Alabama churches continue to line up against Alabama’s draconian anti-immigration law.
Some church groups are speaking out against Alabama’s new law against illegal immigration, which they say violates Christian principles.
Leaders of the United Methodist Church, the Episcopal Church, the Lutheran Church and the Roman Catholic Church have all criticized the law as running counter to the Bible’s teaching about loving others. Episcopal Bishop Henry N. Parsley of Birmingham calls its passage “a sad moment for our state.”
The state’s largest denomination, the Alabama Baptist Convention, hasn’t taken a position publicly. But the latest edition of its widely read state newspaper, The Alabama Baptist, includes a front-page story that features Hispanic worries about the new law.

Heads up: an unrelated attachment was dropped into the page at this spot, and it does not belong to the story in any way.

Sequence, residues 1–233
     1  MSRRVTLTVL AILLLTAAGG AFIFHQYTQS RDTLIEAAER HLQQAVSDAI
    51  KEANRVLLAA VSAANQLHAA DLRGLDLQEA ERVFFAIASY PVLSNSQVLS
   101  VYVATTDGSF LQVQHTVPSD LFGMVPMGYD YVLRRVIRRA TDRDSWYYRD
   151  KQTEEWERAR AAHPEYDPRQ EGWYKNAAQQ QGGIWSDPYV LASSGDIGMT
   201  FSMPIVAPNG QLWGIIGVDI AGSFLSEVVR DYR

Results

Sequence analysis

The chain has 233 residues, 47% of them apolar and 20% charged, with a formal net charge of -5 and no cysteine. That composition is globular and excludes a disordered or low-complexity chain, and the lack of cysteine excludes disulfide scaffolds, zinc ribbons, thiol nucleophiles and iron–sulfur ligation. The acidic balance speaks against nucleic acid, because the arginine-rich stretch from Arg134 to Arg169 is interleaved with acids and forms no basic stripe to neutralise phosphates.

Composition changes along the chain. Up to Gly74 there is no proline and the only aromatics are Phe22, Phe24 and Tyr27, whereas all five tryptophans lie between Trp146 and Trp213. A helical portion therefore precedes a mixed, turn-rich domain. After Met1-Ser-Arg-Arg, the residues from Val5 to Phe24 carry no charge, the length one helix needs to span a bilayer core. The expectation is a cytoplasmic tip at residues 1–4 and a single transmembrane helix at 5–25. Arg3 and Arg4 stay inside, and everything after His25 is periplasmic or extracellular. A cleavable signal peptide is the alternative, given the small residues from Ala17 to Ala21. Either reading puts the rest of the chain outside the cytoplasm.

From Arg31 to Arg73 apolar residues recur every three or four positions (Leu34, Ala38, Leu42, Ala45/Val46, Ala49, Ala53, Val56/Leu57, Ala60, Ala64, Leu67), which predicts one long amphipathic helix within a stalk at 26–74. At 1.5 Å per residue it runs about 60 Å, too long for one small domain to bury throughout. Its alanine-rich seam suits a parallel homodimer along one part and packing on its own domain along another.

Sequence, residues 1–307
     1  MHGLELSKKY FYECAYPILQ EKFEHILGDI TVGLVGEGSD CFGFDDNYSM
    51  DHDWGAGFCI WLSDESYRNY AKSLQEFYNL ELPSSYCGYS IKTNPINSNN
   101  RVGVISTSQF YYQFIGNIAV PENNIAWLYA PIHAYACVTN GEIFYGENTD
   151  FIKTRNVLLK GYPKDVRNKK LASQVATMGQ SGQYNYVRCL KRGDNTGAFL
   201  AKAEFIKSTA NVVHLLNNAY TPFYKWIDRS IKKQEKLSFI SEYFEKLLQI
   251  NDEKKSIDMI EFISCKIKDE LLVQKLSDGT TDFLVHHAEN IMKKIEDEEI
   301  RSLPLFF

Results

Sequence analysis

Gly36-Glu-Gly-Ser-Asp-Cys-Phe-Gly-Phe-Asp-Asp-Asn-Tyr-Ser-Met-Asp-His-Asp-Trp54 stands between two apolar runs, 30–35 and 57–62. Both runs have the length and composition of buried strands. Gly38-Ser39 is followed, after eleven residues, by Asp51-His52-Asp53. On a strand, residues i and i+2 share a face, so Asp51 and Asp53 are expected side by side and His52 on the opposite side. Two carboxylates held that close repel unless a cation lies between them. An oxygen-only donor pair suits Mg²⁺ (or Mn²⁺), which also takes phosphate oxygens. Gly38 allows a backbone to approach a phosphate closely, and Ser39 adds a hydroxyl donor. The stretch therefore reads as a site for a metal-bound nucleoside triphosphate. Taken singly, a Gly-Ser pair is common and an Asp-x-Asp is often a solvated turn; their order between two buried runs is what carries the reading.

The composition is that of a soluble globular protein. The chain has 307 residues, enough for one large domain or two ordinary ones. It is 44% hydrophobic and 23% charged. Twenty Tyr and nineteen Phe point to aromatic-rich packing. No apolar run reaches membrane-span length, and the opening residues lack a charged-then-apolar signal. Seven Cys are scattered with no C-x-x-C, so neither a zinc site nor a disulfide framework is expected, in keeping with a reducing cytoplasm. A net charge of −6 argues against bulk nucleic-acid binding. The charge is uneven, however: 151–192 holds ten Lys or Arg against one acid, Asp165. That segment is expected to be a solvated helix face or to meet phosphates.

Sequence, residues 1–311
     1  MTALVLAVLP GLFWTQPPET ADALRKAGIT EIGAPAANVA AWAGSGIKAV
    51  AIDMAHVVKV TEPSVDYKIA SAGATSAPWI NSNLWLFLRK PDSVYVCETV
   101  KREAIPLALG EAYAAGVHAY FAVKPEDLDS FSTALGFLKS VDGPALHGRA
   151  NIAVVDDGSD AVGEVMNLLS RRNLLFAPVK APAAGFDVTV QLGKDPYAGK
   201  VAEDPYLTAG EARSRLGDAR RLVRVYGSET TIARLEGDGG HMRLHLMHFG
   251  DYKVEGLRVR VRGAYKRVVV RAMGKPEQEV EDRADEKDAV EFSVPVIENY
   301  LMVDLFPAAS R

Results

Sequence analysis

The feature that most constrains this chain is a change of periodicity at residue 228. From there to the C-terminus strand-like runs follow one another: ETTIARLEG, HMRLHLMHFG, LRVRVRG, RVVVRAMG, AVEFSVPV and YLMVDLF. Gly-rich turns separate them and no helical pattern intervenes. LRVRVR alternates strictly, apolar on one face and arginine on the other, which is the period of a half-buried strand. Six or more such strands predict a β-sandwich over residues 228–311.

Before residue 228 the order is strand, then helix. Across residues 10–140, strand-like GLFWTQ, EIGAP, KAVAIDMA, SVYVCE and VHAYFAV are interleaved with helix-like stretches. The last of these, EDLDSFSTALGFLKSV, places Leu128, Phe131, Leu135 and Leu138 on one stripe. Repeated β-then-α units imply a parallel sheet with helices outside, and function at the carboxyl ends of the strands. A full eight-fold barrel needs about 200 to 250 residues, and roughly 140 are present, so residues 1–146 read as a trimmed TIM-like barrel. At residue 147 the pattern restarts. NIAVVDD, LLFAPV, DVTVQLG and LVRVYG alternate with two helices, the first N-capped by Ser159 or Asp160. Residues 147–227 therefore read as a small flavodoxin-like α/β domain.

The Huffington Post has this story:
A new Alabama law that makes it a crime to offer rides to undocumented immigrants is the “meanest” immigration law in the country, according to a United Methodist bishop and respected theologian.
Bishop William Willimon of the North Alabama Conference called the bill, which was recently signed into law by Gov. Robert Bentley, an embarrassment and motivated by “intimidation and meanness.”
Willimon and the state’s other United Methodist bishop, Paul Leeland, wrote an open letter to Bentley and lawmakers who pushed the law, and also plan a vigil on June 25 to pray for immigrants.
“There’s a lot of frustration out there, disappointment, embarrassment,” Willimon said. “We will come together and pray.”